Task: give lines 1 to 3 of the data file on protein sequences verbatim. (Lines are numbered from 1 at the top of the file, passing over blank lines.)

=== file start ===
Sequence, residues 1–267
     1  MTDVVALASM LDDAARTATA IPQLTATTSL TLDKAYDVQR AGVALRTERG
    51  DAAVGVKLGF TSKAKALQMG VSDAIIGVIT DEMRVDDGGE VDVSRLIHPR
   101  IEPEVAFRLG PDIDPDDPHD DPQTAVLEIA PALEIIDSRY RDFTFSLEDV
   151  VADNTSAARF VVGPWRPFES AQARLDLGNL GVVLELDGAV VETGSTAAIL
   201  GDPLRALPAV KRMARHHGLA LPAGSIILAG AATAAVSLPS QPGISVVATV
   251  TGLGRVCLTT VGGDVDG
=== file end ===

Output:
Sequence, residues 1–267
     1  MTDVVALASM LDDAARTATA IPQLTATTSL TLDKAYDVQR AGVALRTERG
    51  DAAVGVKLGF TSKAKALQMG VSDAIIGVIT DEMRVDDGGE VDVSRLIHPR